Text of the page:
The thing they all have in common is "archiving" -- long-term storage and preservation of data that's inactive but may be needed in the future. However, the difference is in the types of data that are being archived. For example, structured data typically includes database records. Unstructured data includes documents, images and a wide range of other file types. Semistructured data often refers to email systems where unstructured email text and attachments are stored within structured databases. Some vendors try to do it all through a single unified product or separate products within a family (aka a "suite").
The point is that each archiving product has a different focus. File archiving products tend to work with unstructured data without regard for the originating application, offering powerful data movement, indexing/search and policy-based retention and deletion features. By comparison, email archiving focuses on archiving email packages, like Microsoft Exchange, but one tool may emphasize the role of content searching, while others may emphasize high availability and replication for disaster recovery. It's easy to see email archiving combined with other features. For databases, archiving is tightly integrated with specific applications, such as Microsoft Access, Oracle or SQL as well as third-party vendors.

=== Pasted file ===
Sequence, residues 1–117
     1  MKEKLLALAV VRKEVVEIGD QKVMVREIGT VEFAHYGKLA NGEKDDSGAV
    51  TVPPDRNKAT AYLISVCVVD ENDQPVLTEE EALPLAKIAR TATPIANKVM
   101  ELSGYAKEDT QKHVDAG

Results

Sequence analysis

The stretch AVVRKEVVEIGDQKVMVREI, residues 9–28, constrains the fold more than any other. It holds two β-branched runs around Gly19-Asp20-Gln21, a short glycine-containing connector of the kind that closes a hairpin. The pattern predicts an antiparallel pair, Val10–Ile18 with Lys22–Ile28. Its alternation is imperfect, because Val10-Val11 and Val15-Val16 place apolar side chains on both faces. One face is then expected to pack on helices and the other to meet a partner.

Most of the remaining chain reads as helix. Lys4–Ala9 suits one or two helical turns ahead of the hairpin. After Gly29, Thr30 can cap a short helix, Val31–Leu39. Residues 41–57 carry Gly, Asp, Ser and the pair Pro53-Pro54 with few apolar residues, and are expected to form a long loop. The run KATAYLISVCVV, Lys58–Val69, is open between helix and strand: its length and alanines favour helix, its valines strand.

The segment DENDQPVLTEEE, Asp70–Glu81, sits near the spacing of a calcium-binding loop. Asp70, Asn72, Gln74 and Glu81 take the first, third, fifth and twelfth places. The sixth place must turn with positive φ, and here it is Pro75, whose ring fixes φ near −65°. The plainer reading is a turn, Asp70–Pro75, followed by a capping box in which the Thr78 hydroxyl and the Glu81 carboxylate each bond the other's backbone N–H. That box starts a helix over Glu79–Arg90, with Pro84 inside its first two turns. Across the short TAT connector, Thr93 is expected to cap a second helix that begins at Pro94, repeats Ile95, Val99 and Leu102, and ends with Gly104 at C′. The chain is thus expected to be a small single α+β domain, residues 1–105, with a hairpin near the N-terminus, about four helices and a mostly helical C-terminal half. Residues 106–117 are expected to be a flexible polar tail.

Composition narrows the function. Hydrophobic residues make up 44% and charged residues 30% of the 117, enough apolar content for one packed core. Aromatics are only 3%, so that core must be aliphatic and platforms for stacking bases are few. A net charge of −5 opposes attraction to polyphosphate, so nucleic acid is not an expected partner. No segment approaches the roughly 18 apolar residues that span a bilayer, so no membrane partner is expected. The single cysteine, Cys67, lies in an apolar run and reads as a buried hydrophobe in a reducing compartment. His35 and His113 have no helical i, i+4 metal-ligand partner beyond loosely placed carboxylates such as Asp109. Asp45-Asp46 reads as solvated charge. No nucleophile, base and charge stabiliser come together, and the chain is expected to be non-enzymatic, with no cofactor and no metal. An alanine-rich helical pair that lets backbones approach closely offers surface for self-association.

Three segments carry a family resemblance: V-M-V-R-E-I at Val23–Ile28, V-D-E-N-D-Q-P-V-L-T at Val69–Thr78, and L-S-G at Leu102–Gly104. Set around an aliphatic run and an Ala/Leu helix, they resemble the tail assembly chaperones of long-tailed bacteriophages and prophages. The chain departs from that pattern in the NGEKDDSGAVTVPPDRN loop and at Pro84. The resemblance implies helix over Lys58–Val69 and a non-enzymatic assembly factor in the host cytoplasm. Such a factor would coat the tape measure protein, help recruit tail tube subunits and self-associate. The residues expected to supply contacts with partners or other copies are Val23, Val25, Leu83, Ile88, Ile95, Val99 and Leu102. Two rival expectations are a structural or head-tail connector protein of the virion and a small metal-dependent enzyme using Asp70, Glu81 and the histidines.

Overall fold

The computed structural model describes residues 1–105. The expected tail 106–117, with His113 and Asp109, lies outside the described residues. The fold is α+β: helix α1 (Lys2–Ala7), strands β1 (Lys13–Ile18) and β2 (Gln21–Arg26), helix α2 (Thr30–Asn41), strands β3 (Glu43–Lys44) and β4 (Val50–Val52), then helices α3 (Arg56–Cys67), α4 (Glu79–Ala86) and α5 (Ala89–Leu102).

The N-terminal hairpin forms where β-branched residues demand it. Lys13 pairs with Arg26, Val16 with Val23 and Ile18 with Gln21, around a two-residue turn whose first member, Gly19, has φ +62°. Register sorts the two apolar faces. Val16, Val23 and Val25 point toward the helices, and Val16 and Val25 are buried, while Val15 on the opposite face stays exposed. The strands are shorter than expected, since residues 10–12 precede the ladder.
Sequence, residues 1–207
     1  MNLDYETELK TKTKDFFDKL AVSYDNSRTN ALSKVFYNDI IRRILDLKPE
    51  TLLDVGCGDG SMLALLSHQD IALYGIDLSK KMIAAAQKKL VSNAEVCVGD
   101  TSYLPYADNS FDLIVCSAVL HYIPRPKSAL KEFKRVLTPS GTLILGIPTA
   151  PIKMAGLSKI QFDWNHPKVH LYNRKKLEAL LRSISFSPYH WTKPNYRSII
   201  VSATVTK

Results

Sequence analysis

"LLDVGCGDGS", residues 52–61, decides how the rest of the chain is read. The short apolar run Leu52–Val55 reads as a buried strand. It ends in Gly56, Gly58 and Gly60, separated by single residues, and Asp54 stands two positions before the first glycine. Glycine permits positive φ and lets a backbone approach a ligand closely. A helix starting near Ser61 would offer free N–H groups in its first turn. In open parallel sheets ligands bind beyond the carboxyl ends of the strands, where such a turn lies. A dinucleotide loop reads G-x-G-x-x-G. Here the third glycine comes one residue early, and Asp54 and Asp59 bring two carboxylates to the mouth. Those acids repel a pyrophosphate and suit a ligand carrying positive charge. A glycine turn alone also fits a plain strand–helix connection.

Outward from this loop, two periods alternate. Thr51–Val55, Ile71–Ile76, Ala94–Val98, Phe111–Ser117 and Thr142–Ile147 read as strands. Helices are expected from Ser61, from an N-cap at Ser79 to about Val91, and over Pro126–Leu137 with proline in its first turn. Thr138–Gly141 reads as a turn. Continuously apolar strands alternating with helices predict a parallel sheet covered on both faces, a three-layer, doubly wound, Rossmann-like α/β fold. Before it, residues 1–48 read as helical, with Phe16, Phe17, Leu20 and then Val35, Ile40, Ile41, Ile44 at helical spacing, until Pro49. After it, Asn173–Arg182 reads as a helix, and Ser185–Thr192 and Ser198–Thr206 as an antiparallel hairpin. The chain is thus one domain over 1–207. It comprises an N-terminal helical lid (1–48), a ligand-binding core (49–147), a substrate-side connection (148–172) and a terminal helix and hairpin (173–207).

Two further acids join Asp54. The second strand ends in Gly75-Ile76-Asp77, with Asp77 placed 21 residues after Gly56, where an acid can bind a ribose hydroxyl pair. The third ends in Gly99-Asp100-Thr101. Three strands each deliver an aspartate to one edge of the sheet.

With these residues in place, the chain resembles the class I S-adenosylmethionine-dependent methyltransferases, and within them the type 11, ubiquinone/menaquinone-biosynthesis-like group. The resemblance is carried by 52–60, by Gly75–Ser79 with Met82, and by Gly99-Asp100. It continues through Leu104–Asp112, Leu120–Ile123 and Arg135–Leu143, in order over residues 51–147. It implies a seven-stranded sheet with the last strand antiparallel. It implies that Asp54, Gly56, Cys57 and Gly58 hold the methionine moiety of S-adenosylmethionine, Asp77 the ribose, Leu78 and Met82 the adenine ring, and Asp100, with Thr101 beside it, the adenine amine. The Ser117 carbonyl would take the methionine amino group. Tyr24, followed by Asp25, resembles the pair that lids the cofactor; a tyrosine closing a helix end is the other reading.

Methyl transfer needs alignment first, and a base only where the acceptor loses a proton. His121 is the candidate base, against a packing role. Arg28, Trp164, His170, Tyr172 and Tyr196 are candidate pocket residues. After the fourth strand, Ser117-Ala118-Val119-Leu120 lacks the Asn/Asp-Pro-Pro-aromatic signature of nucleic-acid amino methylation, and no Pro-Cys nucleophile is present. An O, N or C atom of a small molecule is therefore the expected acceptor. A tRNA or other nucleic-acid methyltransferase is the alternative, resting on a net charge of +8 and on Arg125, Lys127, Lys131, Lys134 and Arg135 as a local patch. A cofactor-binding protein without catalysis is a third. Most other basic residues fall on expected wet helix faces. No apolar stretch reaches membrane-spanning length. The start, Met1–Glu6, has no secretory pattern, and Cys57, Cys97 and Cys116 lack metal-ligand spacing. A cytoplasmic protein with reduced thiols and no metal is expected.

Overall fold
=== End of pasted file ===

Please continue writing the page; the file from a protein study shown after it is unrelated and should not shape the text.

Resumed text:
Go back to the beginning of the File Archiving FAQ Guide.